Mineral Bliss had cited these historic specimens in two previous posts after seeing them at the annual GLMSMC Show in Gaitherburg. The original purpose for our visit with Chris Luzier had been to cover them more thoroughly. As we looked over the GMLSMC specimens, Chris made comparisons to interesting pieces in the Maryland suite of his own collection. Two years ago, he displayed some of the better specimens from it at the annual March GLMSMC Show at Gaithersburg in conjunction with the historic Academy Collection case.
Maryland's diverse mineralogy has received relatively little attention and recognition in the many decades since Academy Suite was assembled. By displaying as well some of the better specimens in his personal collection, Chris was able to update the historical perspective of the former as well as demonstrate to mineral aficionados that Maryland still has minerals worthy of collecting.
Many of these specimens were once part of Fred Parker's personal collection along with the historic Philadelphia Academy suite. They include pieces from long closed or lost localities. Some were collected by Parker himself.
In the above picture Chris holds remarkable specimens in each hand In his right hand is massive magnetite from the historic Mineral Hill Mine in Carroll County. Magnetite continues to be ubiquitous on remaining Mineral Hill dumps, some that date to pre-Revolutionary times, Massive magnetite boasting such sheen, however, has rarely been encountered at any Maryland locality in recent years.
Chris has in his left hand a solid chunk of massive chalcopyrite from New London in Frederick County. It makes sense that chalcopyrite of such richness could have graced ore veins extending through the phyllite-laced Wakefield Marble. These veins are known as the New London (copper) Deposit and were worked at the historic New London Copper Mine. In the 1960's, similar veins were uncovered at the nearby Farmers Cooperative Limestone Quarry, which closed in 1973. Could Chris be holding the largest Maryland chalcopyrite specimen known to exist?.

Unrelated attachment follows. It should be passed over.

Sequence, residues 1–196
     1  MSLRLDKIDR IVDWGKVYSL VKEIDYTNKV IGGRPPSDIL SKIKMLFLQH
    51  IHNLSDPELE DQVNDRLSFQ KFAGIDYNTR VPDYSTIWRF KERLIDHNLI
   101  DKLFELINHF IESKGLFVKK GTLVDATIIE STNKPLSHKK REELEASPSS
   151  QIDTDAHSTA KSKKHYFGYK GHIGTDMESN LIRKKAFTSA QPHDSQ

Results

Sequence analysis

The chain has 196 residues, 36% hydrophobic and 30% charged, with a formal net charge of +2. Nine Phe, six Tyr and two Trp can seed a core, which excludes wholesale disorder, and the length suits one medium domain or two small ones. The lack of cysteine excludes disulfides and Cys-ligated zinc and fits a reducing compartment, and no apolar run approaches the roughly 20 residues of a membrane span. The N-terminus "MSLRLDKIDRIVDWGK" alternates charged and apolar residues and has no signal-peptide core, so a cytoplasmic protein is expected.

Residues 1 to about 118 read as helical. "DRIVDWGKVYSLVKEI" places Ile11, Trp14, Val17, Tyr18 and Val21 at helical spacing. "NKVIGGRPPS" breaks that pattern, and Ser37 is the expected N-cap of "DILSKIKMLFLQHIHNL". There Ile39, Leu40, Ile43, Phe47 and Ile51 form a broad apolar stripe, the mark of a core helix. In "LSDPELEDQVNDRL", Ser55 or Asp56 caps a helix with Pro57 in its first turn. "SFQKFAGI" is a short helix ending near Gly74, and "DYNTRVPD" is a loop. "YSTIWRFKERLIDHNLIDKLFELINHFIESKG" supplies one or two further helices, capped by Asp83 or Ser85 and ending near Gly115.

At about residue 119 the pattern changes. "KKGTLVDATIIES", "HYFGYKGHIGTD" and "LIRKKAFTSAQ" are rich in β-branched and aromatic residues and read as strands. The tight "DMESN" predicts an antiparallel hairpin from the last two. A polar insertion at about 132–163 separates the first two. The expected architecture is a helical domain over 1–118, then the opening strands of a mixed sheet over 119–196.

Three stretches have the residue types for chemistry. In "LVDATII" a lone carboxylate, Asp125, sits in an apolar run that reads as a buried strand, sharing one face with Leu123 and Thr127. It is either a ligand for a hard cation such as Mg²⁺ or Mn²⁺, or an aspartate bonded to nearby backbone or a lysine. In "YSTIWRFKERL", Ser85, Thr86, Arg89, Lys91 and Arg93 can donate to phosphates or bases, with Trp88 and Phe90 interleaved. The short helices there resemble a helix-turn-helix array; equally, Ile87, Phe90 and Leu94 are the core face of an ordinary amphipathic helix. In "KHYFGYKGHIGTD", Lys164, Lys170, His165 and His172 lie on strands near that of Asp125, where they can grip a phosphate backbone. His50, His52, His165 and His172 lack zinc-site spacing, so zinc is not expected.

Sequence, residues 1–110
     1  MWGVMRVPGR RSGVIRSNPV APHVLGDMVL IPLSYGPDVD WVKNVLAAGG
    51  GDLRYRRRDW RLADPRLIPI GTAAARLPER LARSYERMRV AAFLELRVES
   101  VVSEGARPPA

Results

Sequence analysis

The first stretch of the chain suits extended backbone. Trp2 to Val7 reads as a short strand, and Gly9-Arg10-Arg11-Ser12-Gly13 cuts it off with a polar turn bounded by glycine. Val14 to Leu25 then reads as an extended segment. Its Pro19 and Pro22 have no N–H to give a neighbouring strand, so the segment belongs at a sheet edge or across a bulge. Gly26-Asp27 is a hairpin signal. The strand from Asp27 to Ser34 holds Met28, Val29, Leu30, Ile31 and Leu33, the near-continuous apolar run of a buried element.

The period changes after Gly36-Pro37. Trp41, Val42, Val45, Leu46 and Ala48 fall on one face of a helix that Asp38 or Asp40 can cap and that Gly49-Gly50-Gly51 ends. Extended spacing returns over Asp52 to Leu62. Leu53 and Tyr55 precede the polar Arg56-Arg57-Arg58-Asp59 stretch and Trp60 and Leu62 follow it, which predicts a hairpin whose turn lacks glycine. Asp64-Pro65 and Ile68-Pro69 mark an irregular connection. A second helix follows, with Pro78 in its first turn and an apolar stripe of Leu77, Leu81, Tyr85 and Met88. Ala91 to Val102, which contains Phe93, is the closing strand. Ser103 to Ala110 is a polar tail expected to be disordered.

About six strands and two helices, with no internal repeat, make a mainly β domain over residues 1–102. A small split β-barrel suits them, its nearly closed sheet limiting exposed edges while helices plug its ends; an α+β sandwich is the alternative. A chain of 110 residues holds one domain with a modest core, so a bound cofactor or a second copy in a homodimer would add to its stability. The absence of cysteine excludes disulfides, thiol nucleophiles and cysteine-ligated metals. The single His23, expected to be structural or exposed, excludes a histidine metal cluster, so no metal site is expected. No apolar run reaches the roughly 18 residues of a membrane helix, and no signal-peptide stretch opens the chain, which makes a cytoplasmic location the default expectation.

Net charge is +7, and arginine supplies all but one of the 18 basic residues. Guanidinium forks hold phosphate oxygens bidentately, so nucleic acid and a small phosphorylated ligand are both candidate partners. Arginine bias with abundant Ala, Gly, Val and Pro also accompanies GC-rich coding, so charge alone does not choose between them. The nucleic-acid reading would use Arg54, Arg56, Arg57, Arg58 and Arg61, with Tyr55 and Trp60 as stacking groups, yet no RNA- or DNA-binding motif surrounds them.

The brucite specimen at right from Hunting Hill in Rockville, Montgomery County, is similarly
notable. Fred Parker collected it in September, 2003. Most of what little brucite that Hunting Hill and other less heralded Maryland localities produced is white in color, less crystalline, and mostly opaque.
The brochantite specimen at left would be unremarkable were it not from Maryland. As a Maryland example, however, it is noteworthy. Brochantite occurs at several Maryland localities through the Sykesville Formation as well as sparsely associated with other copper minerals in the Wakefield Marble. It is typically difficult to visually differentiate from malachite. Found at the Lehigh Cement Quarry in Union Bridge, this piece was once in the collection of Grant C. Edwards. Is there another example of Maryland brochantite around that's so distinct?
Ugly or not, todorokite was once plentiful at the Medford Quarry in Carroll County, Maryland. In earlier times, collectors assumed the material to be a curious substance that soiled whatever it touched. They were unaware that it was the complex oxide species todorokite. Sometime later, Fred Parker noted on Mindat that Medford had yielded todorokite that was "world class" He personally collected the specimen pictured at right,
In addition to his Maryland specimens, Chris maintains an impressive Pennsylvania suite. His specialty is the fluorescent material for which Franklin and Ogdensburg, New Jersey are famous. Occasionally he sells duplicates on the Internet under the handle of "Abraham Zincoln," in reference to the abundance of zinc bearing minerals from these localities.
More than any other aspect of his hobby, Chris emphasizes his advocacy of mineral societies and organizations that provide collecting opportunities to members, especially those that seek to engage the interest of young people. He notes that the field trip privileges that many working quarries so graciously provide to GLMSMC and other groups afford valuable public relations to the companies that own them. In these times when so many of Maryland's greatest localities no longer exist, Chris believes that such field trips provide the best opportuntity for members of such groups to uncover collectable specimens that promote the ongoing study of Maryland's mineralogy.